The Moon isn't the only place with a lot of craters. Some of the more complex ones exist on other planets and moons. Jupiter's moon Callisto is a heavily cratered world with one very prominent impact. The Valhalla Basin has an extensive ring structure that surrounds the central crater. The entire ring basin measures nearly 1,900 miles across. That's more than half of the moon's 3,100-mile (5,000-km) diameter. If Valhalla were placed over the United States, it would stretch just past our borders with Canada and Mexico.
Another scarred Moon is tiny Mimas, which orbits Saturn. Mimas is nicknamed the "Death Star" due to its resemblance to the Star Wars ship of the same name. A large impact crater named Herschel spans one-third of the moon's 240-mile (390-km) diameter. If the collision that formed this crater had been much stronger, Mimas would have been shattered into pieces.
If you're like me and didn't get enough mud-pie time as a kid, try making a few crater pies of your own. It's guaranteed to be a hit with the kids. You'll need an aluminum pie pan, a metal spoon, a paper cup, water, some fine clay-rich soil or drywall plaster, and newspapers to protect the table and floor from stray impacts (better yet, try this out on the driveway).
Begin by placing some of the soil in the pie pan. Be sure to break up any large clumps and remove all rocks, sticks, and other debris. Add water to the soil, stirring as you go. Continue adding water until your concoction is the consistency of a very thick batter. If you're using plaster, follow the package directions. You may have to add plaster gradually to the water you've placed in your pie pan.
Once you've got the mixture to the proper consistency, scoop a small portion into the paper cup and smooth the surface of the mixture in the pie pan. With your spoon, scoop up a small glob from the cup. Stand above the pie pan and let the glob drop from the spoon. Now, if you're feeling particularly impish, you can go back to your "food-fight" days and fling the glob from the spoon. You'll get extra points for actually hitting the pie pan. For a more dramatic effect, sprinkle the smooth muddy surface with flour or light sand before making the craters. This may help certain features, such as crater rays, stand out in your end product.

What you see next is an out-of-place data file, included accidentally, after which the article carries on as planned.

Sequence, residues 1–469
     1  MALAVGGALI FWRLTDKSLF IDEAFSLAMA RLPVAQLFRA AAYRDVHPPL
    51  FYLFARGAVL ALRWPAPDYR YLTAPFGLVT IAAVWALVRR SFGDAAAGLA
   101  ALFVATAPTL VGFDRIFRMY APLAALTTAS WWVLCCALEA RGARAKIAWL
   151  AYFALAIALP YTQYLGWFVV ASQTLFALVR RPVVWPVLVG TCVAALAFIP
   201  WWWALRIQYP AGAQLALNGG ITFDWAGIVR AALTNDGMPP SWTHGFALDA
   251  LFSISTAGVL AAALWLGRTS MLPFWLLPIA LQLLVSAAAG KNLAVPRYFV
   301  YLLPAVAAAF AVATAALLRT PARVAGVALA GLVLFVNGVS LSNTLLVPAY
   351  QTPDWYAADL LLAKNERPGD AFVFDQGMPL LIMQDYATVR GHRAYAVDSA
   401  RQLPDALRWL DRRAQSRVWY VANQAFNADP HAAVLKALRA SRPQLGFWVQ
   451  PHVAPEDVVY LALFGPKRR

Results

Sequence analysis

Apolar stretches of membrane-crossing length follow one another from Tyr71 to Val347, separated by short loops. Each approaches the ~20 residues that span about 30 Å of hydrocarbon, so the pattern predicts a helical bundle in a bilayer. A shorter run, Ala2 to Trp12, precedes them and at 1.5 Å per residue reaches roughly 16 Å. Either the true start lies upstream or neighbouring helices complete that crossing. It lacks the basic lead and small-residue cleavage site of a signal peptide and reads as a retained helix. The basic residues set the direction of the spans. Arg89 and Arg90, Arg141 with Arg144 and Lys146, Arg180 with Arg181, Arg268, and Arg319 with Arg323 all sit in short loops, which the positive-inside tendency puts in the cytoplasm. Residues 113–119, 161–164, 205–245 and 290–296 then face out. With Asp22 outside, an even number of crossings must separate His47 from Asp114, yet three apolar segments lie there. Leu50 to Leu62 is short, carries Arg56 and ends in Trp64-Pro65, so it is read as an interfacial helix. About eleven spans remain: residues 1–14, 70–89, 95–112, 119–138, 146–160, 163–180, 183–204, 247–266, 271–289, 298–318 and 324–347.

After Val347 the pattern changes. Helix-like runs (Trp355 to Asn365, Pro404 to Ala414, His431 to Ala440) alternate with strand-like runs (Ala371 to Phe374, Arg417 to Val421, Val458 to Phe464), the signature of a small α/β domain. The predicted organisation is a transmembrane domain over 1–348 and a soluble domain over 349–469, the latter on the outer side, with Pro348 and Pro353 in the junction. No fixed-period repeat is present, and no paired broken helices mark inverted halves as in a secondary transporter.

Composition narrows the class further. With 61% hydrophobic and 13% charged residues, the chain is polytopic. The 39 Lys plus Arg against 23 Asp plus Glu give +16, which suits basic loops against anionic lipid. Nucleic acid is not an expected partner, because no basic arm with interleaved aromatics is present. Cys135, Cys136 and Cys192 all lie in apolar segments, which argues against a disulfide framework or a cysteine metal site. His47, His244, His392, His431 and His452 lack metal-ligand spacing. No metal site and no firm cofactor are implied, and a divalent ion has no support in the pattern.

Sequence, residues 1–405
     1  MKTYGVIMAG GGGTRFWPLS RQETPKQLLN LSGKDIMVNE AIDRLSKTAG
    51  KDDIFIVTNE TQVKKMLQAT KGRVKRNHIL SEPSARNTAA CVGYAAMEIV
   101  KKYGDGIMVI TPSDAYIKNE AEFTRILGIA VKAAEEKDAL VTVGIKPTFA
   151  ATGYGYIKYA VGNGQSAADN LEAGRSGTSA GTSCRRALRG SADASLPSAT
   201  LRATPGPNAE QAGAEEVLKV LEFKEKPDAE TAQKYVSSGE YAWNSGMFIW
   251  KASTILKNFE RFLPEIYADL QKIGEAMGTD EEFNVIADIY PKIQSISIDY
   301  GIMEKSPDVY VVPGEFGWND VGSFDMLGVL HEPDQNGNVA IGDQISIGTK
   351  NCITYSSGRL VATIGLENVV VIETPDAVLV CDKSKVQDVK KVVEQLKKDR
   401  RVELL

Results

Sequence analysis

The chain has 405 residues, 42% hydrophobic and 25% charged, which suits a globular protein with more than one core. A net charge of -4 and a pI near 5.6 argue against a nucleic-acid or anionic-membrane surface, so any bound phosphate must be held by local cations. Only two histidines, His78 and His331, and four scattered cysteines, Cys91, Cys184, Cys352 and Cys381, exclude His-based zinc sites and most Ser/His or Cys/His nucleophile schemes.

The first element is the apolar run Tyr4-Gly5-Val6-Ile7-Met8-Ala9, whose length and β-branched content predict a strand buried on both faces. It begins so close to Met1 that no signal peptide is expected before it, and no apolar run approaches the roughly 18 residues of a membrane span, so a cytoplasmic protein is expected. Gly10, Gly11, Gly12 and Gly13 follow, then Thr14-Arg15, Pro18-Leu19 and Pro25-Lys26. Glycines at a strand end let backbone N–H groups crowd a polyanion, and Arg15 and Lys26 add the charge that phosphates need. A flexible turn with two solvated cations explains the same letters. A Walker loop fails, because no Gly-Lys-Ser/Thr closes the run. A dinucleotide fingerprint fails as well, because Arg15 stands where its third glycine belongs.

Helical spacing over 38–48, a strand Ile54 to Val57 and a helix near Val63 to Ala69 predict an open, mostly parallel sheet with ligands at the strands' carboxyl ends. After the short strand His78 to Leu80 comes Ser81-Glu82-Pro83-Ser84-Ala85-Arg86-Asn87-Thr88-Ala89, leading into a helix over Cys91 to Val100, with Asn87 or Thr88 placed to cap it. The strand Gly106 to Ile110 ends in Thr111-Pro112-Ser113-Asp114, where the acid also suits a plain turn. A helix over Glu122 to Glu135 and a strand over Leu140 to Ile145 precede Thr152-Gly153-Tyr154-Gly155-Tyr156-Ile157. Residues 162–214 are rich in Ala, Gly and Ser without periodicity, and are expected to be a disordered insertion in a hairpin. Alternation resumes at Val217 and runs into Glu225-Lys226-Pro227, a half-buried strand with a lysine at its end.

Continue making craters by varying the size of the globs and the angle and velocity at which they hit the plate. Once the pan holds craters of different sizes and shapes, let it dry out so you can study it.
Do all the craters have central peaks and raised edges? Are there rays that lead away from the crater? What type of crater formed with a large glob that was dropped from the spoon as compared to one that was flung from the spoon? How do craters formed by small globs differ from those formed by large ones? You can find the answers in your mud-pie Moon.
What do you see?
Swiss cheese? Green cheese? Is it Gouda? Well … we all know the Moon isn't made of cheese, even if residents of the "Dairy State" would like to see it that way.
Cheese is just one of the many different images seen in the charcoal-gray, black, and white markings created by various lunar craters and basins. The most famous of these is the "Man on the Moon," whose face looks like a jack-o'-lantern. But the man in the Moon isn't the only figure you can find.
The Native American Aleuts in Alaska see the Moon as both a man and a woman. According to the story, the Moon man carries his charge across the sky from New Moon to Full Moon, while his wife carries the phases that fall between Full and New Moon.
The Native American Haida people in British Columbia see a woman who carries a bucket, while the ancient Greeks believed the Full Moon was the goddess Selene riding her silver chariot across the sky.
Even children can be spotted on the moon. To the Vikings, the dark lunar maria represent a boy and girl who went up a hill to get a pail of water. Sound familiar? In this story, however, the pair didn't fall down, but were whisked away to the Moon instead.
Animal figures have also been popular. The Chinese see a rabbit in the dark areas and a toad in the white. A rabbit may be the most common figure seen on the moon, with cultures in southeast Asia, Korea, and Japan, as well as the ancient Maya and Aztec civilizations all discerning a bunny's form with ears and tail.
So, the next time there is a Full Moon, go outside and take a look. Have your child draw a picture and/or write a story of what he or she sees "in the Moon."